INDIAN WELLS, Calif. -- Rafael Nadal outlasted David Nalbandian 4-6, 7-5, 6-4 in the BNP Paribas Open on Friday, setting up a semifinal against Roger Federer that will be a rematch of their Australian Open semifinal.
Federer had an easier time in his quarterfinal, beating Juan Martin del Potro 6-3, 6-2 in just more than an hour for his fourth victory over the Argentine this year.
Top-ranked Victoria Azarenka defeated Angelique Kerber of Germany 6-4, 6-3 to reach the final of her sixth consecutive tournament. It was her 22nd straight victory, giving Azarenka the best start to a season since Martina Hingis began 37-0 in 1997.
The second set was littered with service breaks, with Azarenka breaking four times and Kerber twice.
"It's a little bit difficult with the wind, especially from one side," Azarenka said. "She was really playing, putting a lot of pressure, and it was difficult to control the ball a little bit. Overall, I played pretty good on the return."
Second-ranked Maria Sharapova advanced to the final when Ana Ivanovic retired with a left hip injury after losing the first set 6-4 and leading 1-0 in the second in their first meeting since the 2008 Australian Open final, won by Sharapova.
"I am happy after a long match yesterday that I got a little shorter one," Sharapova said.
Azarenka beat Sharapova in this year's Aussie Open final. Their rematch Sunday will be the first final between the world's top two women since 2008.
"I would love to get my revenge," Sharapova said.
Ivanovic left the court with a trainer trailing 5-4 in the first set.
"After the treatment, it was just getting worse and worse rapidly," she said. "We taped it and then I tried to continue, but at the end, I couldn't even return. I couldn't even stand there on my return."
Sharapova practiced her serves during the eight-minute delay on a cool, windy evening in the desert. Ivanovic returned and held to open the second set, but then quit.
"I hope it's nothing that's going to put me away from the court for too long so I can start straight back into it because I feel physically very good," Ivanovic said. "I really felt like I have been playing the best tennis probably played in a very, very long time. Against top players I can bring that level. That's what's very encouraging."
Nadal, ranked second in the world, handed No. 3 Federer one of his two losses since last year's U.S. Open when he beat the Swiss star in the Australian Open semifinals in January. They will play Saturday, when rain and wind is forecast to move into the Coachella Valley, spoiling the sun and 80-degree temperatures that have prevailed during the two-week tournament.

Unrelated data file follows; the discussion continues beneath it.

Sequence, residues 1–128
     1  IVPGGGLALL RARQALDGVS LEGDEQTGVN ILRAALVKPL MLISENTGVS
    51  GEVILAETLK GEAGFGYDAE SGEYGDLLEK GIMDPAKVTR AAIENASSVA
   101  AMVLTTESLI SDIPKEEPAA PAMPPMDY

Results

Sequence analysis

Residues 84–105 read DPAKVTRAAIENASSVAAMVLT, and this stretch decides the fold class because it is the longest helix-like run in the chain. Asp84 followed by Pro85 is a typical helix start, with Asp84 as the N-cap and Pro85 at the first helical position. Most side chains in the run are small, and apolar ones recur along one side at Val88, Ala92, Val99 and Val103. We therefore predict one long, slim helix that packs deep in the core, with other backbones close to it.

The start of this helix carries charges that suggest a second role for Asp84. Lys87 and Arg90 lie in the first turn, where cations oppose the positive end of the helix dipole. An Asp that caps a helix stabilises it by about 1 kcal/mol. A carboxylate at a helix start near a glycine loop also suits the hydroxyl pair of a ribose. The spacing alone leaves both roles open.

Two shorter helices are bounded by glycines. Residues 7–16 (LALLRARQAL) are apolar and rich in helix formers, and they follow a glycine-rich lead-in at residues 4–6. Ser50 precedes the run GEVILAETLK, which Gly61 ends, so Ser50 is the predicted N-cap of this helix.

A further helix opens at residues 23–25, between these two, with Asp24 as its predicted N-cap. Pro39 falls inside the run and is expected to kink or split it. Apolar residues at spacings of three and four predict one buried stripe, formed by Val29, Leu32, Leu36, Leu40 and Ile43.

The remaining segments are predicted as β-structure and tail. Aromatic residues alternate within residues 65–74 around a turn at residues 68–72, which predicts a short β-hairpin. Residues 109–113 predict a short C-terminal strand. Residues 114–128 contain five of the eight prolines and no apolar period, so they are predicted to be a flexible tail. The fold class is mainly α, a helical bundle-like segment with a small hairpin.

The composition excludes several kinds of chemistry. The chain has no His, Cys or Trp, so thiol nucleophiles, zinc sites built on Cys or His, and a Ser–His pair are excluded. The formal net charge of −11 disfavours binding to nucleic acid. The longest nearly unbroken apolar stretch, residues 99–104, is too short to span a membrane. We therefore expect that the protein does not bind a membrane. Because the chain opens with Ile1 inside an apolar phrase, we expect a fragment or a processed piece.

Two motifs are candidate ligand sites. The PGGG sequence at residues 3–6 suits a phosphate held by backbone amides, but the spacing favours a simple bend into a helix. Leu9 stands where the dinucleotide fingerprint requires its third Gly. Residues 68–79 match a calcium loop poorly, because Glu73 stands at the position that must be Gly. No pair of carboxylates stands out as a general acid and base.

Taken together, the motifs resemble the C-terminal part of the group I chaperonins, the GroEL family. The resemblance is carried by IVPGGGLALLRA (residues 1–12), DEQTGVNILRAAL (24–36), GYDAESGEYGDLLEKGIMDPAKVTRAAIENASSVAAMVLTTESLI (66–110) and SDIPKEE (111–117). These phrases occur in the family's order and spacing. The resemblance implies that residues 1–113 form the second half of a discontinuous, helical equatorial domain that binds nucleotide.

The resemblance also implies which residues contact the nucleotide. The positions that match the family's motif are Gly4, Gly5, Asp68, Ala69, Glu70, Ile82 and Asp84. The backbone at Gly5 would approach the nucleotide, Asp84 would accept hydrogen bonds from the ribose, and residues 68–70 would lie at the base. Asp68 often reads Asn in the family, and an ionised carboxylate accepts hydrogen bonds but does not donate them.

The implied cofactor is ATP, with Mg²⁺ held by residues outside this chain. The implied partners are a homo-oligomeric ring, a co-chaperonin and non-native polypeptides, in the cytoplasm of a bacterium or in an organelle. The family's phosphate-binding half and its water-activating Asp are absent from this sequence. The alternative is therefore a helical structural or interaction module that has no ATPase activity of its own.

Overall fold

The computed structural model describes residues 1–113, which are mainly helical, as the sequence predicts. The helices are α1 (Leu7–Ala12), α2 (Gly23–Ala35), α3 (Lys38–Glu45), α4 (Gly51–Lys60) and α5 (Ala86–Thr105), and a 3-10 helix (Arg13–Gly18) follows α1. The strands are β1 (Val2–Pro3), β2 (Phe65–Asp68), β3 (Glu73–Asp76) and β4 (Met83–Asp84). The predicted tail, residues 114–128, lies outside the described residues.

"I play always against Roger means a little bit more than against the rest of the opponents because I am playing probably against the best of the history," Nadal said, "so that's why it makes the match a little bit more special than the rest."
Despite all his success, Nadal said he routinely has doubts about whether he can win matches and that only arrogant people don't doubt themselves.
"I believe that it's going to be a very difficult match for me, and I don't know if I'm going to be able to play my best," he said. "But that's part of the game, and that's the beautiful things about the sport. I'm going to go there, I'm going to fight every ball and try to play my best tennis and I hope that's going to happen, but I don't know."
Nadal hadn't lost a set coming into the quarterfinals, but Nalbandian spoiled that right away. The Argentine was full of confidence, having earlier taken out Janko Tipsarevic and Jo-Wilfried Tsonga -- his first time beating two top-10 players at the same event since 2008. Nalbandian won the final three games to take the opening set.
The Argentine led 4-3 and 5-4 in the second before Nadal reeled off the final three games to take the set, breaking Nalbandian in the 11th game on a double fault.
Nadal broke three times in the final set, including at love to go up 5-2. Nadal served two love games and served and volleyed with success at times.
"I hit fantastic volleys," he said.
Nadal had his first match point in the ninth game, but three consecutive errors helped Nalbandian close to 5-4.
Nadal faced two break points in the next game -- the first when he netted an easy smash after being run all over the court. He saved the second after Nalbandian missed a drop shot, then smashed his racket and yelled. Nalbandian tossed his racket after netting a forehand to give Nadal his second match point. The Spaniard closed it out after Nalbandian's backhand off Nadal's drop shot went wide.
The first game between Federer and Del Potro lasted 11 minutes. One of Federer's first serves was called good by a line judge, although both he and Del Potro believed it was out. Del Potro wanted to challenge, but the Hawk Eye line calling system temporarily broke down when an Internet connection was lost and data couldn't be provided.
As a result, the chair umpire supported the line judge's original call and Federer held on his way to building a 3-0 lead, including the set's only service break. Del Potro, who had two break points in the first game, argued to no avail.
"It was clear out and the machine doesn't work," he said. "But then the chair umpire told me he made a mistake ... could be a big chance to me to change the way of the match in that game. After that I was not concentrating."
He broke Del Potro twice in the second set when he led 5-1. Del Potro netted a return of Federer's second serve on the Swiss' second match point.